The minister was effectively admitting the Houthis were the Islamic Republic's tool for getting back at Saudi Arabia.

Yet in the past two years, both sides have taken steps to improve relations, without firm results as yet. Nor is the situation likely to change this time.

Photo of Iranian Supreme Leader Ali Khamenei in 2020

Iranian Supreme Leader Ali Khamenei in 2020

Riyadh's warming relations with Israel

Iran's former ambassador in Lebanon, Ahmad Dastmalchian, told the ILNA news agency in Tehran that Saudi Arabia is doing Israel's bidding in the region, and has "entrusted its national security, and life and death to Tel Aviv." Riyadh, he said, had been financing a good many "security and political projects in the region," or acting as a "logistical supplier."

The United States, said Dastmalchian, has "in turn tried to provide intelligence and security backing, while Israel has simply followed its own interests in all this."

Furthermore, it seems unlikely Iran's Supreme Leader Ali Khamenei will tolerate, even in this weak period of his leadership, the kingdom's rising power in the region and beyond, and especially its financial clout. He is usually disparaging when he speaks of Riyadh's princely rulers. In 2017, he compared them to "dairy cows," saying, "the idiots think that by giving money and aid, they can attract the goodwill of Islam's enemies."

Iranian regime officials are hopeful of moving toward better diplomatic ties and a reopening of embassies. Yet the balance of power between the sides began to change in Riyadh's favor years ago. For the kingdom's power has shifted from relying mostly on arms, to economic and political clout. The countries might have had peaceful relations before in considerably quieter, and more equitable, conditions than today's acute clash of interests.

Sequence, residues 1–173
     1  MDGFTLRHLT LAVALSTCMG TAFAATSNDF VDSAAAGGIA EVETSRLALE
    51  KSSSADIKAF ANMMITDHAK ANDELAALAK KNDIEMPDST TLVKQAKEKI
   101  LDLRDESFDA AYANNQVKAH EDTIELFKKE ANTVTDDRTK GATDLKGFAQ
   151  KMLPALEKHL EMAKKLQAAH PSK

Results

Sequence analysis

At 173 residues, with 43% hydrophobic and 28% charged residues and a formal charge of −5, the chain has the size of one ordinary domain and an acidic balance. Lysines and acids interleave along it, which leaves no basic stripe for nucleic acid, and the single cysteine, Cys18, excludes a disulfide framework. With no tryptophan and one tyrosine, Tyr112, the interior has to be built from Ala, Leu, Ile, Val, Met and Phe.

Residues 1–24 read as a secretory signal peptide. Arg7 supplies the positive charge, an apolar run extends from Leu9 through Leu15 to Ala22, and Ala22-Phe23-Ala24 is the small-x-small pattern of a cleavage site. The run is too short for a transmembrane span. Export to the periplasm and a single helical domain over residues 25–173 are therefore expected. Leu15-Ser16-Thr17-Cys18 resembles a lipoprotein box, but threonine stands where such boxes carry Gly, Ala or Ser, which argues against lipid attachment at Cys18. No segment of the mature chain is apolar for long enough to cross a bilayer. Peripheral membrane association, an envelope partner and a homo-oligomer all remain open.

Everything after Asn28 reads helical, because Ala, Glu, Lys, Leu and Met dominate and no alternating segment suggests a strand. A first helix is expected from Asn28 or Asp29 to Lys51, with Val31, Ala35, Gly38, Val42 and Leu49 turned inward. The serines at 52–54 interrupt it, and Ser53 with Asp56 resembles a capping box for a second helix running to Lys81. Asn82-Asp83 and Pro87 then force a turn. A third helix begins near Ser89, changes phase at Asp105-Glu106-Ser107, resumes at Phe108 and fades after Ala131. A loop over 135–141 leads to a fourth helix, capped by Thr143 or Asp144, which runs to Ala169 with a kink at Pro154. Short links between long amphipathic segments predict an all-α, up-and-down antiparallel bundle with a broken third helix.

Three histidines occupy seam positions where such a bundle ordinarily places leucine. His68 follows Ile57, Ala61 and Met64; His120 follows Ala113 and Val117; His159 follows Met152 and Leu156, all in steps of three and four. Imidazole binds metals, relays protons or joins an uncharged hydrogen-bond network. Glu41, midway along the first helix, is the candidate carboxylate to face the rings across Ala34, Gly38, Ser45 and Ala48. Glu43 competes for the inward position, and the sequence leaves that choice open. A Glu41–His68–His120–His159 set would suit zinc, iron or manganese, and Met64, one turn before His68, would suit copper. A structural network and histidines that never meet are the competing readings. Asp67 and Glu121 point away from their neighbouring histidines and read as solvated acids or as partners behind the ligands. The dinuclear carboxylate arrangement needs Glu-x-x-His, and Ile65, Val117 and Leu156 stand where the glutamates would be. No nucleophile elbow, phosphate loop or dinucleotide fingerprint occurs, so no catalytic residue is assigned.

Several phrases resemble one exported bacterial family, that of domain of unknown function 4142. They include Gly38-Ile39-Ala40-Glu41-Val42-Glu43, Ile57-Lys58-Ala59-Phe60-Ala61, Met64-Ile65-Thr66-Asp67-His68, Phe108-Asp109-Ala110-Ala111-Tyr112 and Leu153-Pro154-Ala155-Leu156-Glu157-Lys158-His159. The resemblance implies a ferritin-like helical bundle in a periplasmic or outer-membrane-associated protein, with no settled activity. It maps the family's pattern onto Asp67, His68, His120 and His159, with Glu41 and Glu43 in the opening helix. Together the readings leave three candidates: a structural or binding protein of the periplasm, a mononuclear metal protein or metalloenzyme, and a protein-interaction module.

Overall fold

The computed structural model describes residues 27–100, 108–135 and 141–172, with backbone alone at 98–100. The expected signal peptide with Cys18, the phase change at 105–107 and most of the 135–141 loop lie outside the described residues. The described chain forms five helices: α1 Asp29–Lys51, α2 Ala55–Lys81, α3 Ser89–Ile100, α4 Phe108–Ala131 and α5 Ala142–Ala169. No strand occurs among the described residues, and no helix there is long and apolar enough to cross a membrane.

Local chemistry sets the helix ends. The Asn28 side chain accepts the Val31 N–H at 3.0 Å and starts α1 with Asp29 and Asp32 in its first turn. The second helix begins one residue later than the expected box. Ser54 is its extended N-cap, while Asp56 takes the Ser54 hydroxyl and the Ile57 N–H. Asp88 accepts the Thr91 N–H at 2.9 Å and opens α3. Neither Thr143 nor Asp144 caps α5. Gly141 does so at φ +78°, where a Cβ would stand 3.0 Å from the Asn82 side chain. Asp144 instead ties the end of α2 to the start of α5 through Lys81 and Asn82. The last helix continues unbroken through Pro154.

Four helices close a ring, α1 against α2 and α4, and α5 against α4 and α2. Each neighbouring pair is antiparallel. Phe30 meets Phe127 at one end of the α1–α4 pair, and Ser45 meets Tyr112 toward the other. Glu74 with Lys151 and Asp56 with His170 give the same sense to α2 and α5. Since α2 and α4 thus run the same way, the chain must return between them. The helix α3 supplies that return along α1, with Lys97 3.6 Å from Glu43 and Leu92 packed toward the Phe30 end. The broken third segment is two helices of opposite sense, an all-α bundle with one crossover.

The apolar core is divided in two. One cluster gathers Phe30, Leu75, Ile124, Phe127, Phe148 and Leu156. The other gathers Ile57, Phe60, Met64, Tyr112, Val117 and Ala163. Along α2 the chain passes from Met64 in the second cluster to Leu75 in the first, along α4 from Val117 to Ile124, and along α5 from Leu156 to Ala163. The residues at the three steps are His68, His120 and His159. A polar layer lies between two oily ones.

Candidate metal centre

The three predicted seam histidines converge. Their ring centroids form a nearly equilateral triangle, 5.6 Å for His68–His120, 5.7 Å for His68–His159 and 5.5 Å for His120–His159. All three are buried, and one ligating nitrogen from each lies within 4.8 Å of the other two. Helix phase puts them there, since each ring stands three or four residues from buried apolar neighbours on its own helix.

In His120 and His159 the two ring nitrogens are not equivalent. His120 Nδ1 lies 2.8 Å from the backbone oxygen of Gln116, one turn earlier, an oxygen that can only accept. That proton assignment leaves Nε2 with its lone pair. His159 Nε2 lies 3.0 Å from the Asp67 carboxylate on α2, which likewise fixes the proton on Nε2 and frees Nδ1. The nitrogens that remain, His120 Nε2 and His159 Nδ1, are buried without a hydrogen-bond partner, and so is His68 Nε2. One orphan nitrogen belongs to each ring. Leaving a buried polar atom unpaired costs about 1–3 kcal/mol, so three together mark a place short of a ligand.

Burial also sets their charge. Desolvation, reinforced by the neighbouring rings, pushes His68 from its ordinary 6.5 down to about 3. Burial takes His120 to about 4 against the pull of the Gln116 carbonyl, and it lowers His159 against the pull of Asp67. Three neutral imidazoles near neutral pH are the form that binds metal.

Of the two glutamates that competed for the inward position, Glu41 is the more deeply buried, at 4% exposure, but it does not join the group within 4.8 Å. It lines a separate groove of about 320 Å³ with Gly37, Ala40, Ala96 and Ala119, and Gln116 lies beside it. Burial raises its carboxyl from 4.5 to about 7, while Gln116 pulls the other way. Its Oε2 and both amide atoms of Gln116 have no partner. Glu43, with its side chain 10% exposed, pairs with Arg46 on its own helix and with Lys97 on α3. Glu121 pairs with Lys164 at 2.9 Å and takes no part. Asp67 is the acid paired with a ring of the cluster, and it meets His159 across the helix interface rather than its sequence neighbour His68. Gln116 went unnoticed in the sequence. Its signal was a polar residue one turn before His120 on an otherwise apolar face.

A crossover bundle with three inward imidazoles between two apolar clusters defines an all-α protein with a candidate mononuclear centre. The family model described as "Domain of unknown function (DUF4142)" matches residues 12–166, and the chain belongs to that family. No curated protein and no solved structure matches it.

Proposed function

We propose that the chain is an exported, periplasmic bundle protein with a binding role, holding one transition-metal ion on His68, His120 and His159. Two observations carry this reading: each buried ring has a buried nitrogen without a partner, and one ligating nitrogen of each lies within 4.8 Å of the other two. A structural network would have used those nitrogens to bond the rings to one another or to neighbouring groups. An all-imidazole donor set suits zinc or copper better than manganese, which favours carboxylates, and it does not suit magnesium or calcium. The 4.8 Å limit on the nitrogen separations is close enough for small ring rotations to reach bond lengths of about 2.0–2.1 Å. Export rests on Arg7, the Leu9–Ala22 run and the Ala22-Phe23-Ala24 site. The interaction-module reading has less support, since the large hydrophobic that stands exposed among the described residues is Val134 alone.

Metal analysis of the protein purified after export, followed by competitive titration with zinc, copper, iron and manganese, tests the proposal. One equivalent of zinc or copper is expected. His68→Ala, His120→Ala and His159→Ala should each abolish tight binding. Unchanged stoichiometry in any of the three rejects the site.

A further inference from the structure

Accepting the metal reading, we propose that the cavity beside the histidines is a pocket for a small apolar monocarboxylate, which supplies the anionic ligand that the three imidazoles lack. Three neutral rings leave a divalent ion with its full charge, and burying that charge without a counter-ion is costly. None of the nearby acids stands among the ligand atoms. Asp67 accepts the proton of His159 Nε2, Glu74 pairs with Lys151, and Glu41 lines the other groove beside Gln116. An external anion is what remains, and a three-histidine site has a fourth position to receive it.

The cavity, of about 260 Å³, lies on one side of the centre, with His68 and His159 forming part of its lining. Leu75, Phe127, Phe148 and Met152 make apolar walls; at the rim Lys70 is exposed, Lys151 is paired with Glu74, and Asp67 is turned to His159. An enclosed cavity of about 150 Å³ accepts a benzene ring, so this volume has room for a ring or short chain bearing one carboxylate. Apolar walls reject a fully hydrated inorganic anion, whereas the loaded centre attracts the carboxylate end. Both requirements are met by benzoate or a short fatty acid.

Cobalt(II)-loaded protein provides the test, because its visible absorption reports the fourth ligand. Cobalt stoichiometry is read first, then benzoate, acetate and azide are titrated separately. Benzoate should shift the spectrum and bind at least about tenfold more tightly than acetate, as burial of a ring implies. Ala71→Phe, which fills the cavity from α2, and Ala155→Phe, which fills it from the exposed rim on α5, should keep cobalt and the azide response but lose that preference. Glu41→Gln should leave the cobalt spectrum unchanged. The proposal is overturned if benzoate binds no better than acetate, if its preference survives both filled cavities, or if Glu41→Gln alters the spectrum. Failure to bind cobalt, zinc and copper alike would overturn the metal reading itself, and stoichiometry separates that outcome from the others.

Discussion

If nuclear talks break down, Iran's regime may become more aggressive.

Beyond this, the Abraham Accord or reconciliation of Arab states and Israel has been possible thanks to the green light that the Saudis gave their regional partners, and it is a considerable political and ideological defeat for the Islamic Republic.

Assuming all Houthis follow Tehran's instructions — and they may not — improved ties may curb attacks on Saudi interests and aid its economy. Tehran will also benefit from no longer having to support them. Unlike Iran's regime, the Saudis are not pressed for cash or resources and could even offer the Houthis a better deal. Presently, they may consider it more convenient to keep the softer approach toward Tehran.

For if nuclear talks with the West break down, Iran's regime may become more aggressive, and as experience has shown, tensions often prompt a renewal of missile or drone attacks on the Saudis, on tankers and on foreign shipping. Riyadh must have a way of keeping the Tehran regime quiet, in a distinctly unquiet time.